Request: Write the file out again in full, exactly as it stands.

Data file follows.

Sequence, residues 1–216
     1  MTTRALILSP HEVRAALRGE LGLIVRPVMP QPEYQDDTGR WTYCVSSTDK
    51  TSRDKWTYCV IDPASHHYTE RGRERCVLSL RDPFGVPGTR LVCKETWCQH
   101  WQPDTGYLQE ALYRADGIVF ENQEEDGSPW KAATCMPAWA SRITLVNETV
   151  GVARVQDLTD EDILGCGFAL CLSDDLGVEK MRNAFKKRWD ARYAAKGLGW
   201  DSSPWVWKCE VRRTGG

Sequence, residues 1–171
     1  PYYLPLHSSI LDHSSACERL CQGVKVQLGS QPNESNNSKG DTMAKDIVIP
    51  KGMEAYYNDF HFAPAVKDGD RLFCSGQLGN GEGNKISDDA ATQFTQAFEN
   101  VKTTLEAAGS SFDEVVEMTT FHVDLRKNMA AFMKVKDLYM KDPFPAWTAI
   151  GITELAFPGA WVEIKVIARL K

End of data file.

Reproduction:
Sequence, residues 1–216
     1  MTTRALILSP HEVRAALRGE LGLIVRPVMP QPEYQDDTGR WTYCVSSTDK
    51  TSRDKWTYCV IDPASHHYTE RGRERCVLSL RDPFGVPGTR LVCKETWCQH
   101  WQPDTGYLQE ALYRADGIVF ENQEEDGSPW KAATCMPAWA SRITLVNETV
   151  GVARVQDLTD EDILGCGFAL CLSDDLGVEK MRNAFKKRWD ARYAAKGLGW
   201  DSSPWVWKCE VRRTGG

Sequence, residues 1–171
     1  PYYLPLHSSI LDHSSACERL CQGVKVQLGS QPNESNNSKG DTMAKDIVIP
    51  KGMEAYYNDF HFAPAVKDGD RLFCSGQLGN GEGNKISDDA ATQFTQAFEN
   101  VKTTLEAAGS SFDEVVEMTT FHVDLRKNMA AFMKVKDLYM KDPFPAWTAI
   151  GITELAFPGA WVEIKVIARL K